Tuesday, January 15, 2013

Close quarters work stand

Or perhaps, the correct term is work hang.

Regardless, a recent move gave me the opportunity to move my previously off-site workshop on-site. The change has been immense - where before the round-trip travel time to my old space dictated spending ever diminishing stretches of time in the 'shop, I can now pop and in out while doing other things. An undeniable improvement in the amount of time I get to work on projects, while spending more time with my family.

What my new workshop lacks, however, is width. At 15'x8', it's pretty narrow in there, especially with all I've jammed in there; decades of magazines, books, bikes, tools, parts, rolls of carbon fiber.

A traditional work stand has a pretty wide base. The best are heavily weighted shop stands, not meant to be moved around. A non-option for me, since I need something that doesn't take up space when not in use. Folding stands tend to require a pretty wide footprint when in use, and aren't exactly un-intrusive when folded. Bolting something to the ceiling that can fold up and away seemed like an obvious choice, especially when I can bolt other things up there to facilitate other work - overhead dust collection, routing the hoses for my vacuum pump or targetted task lighting via a jointed arm being the first use cases I've come up with so far.

It's all constructed out of 80/20 parts, bolted to a 2x4 that is in turn secured to the ceiling beams via lag bolts. The bike attachment is just a cheap bench mounted clamp I cut down slightly - it's actually pretty terrible, and at some point I'll find a better clamp. All in all, though, I'm very happy with it, and excited to start working on the projects it will facilitate.


NY Bike Jumble said...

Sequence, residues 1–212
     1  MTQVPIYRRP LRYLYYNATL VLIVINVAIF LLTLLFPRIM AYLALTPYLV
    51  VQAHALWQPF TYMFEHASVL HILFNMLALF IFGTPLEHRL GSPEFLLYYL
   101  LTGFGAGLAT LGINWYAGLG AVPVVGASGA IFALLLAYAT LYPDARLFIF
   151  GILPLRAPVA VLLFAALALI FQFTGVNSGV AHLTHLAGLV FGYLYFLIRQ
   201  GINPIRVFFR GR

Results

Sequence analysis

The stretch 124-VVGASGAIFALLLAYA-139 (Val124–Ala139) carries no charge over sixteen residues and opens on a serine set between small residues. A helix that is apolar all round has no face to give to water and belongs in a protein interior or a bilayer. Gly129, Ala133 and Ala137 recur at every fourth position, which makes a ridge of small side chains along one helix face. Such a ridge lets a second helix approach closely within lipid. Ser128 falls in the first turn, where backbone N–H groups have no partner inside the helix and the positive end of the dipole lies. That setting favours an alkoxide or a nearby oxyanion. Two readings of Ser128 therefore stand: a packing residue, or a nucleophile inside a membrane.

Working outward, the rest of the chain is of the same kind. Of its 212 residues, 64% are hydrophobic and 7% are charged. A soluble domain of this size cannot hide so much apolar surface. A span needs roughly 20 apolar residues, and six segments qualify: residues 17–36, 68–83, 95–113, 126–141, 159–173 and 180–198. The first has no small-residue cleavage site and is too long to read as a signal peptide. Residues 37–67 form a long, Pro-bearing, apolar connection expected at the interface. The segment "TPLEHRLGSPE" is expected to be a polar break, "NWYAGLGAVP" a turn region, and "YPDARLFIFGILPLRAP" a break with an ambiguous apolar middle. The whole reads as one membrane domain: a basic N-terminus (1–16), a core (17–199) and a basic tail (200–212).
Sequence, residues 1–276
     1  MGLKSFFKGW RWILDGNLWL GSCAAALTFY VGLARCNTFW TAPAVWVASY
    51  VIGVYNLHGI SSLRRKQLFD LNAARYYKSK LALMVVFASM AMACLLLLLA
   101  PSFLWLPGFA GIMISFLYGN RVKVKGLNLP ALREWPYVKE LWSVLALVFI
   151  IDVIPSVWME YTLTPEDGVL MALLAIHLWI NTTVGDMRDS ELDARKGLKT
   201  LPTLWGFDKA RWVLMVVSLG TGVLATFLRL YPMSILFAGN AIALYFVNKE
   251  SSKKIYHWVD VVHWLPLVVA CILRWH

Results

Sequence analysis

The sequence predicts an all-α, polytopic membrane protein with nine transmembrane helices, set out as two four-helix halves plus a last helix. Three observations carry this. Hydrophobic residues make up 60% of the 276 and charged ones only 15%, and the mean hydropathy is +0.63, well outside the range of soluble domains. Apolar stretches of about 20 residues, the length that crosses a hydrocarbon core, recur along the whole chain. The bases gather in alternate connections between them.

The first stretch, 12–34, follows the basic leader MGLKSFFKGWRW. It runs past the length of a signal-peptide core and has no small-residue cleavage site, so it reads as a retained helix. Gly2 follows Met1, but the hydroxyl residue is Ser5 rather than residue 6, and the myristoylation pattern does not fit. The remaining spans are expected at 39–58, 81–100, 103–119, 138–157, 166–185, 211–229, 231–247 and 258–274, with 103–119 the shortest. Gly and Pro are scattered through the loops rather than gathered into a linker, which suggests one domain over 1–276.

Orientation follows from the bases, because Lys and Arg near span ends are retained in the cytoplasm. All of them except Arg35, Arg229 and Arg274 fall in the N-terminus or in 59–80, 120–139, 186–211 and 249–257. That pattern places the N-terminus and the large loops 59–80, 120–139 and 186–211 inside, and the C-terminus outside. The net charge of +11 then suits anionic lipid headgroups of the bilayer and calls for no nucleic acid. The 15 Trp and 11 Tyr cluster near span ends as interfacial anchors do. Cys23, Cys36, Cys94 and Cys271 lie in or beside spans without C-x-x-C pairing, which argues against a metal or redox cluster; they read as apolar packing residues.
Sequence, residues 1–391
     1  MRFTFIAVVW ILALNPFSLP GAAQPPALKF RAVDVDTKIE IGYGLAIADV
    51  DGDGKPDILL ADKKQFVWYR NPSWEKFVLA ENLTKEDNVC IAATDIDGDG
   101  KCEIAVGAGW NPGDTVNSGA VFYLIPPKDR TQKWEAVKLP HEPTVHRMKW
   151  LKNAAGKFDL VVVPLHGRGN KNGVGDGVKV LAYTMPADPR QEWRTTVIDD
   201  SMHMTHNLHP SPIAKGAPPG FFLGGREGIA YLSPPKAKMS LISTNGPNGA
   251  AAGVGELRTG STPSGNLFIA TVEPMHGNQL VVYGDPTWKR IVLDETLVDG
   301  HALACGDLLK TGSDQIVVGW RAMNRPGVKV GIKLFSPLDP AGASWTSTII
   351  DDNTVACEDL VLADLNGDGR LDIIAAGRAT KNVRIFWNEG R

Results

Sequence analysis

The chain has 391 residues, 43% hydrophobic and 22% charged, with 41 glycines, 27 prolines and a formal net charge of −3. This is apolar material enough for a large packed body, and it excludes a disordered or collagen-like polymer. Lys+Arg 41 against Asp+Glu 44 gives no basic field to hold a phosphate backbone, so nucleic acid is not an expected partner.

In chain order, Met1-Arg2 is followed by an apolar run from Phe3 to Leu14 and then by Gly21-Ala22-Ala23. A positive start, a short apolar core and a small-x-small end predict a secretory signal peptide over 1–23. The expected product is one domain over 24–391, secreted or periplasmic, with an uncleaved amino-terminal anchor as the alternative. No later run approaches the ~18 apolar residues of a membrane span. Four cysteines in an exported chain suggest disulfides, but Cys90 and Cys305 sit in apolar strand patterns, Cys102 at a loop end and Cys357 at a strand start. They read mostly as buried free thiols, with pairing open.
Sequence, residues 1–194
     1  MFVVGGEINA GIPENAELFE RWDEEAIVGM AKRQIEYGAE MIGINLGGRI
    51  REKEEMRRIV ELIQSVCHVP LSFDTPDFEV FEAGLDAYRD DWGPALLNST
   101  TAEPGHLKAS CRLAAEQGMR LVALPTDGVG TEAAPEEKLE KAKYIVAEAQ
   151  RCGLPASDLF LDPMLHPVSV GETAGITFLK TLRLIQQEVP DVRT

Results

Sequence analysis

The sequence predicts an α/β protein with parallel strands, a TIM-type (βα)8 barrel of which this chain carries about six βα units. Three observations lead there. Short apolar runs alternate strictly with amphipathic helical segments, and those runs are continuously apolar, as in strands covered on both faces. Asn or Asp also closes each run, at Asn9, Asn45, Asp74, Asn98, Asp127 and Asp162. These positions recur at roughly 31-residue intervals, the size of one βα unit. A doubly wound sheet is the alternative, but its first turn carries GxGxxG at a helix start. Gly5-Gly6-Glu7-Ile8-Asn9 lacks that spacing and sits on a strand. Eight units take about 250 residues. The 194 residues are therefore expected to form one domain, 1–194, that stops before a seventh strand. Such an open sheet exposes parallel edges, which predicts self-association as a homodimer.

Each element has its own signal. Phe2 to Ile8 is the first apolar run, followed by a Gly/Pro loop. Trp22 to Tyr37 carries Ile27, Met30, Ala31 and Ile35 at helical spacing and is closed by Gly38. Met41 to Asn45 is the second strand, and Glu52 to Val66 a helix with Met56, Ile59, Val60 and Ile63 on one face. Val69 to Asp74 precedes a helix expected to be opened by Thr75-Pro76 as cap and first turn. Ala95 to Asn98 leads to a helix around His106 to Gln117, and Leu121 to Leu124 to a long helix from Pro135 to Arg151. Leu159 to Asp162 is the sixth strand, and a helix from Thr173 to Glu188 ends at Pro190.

The real innovation will be when you cn hose your bike down in THAT stand.

Ruben said...

What is that pivoty thing called? I couldn't find it in the ebay store.

Is that 80-20 just the name of the ebay shop, or is it the line of parts?

Anonymous said...

Looks like that part is the T Slot 90° Pivot Bracket Assembly.

Jeremy said...

It's actually the 180° - click here for a list of them on eBay. 80/20 is both a company and a line of parts. They sell as 8020inc on eBay.

I mostly use their 40mm (series 40) stuff. No clue why I chose it.

Keep an eye out for their sale items - custom cuts that get returned/canceled, or slightly marred items that don't meet their QC. If you're not super picky about lengths or aesthetics, there are some fantastic deals to be had.

bc said...

This is very cool. I'd like to build this, or something like this.
Two questions: 1: Can you raise and lower the clamp? 2: Do you have a list of all the parts you used?


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Unknown said...

Bringing this back from the dead, hopefully someone who's built this can respond. I'm looking to build two of these in my garage. Just wondering how sturdy the bar hanging down with a 30lb bike on it is. Does the mount twist or flex if the bike is being worked on? I'll assume it flexes or moves a bit and if it does, does it effect working on a bike or is it just easy to deal with?

thank you,

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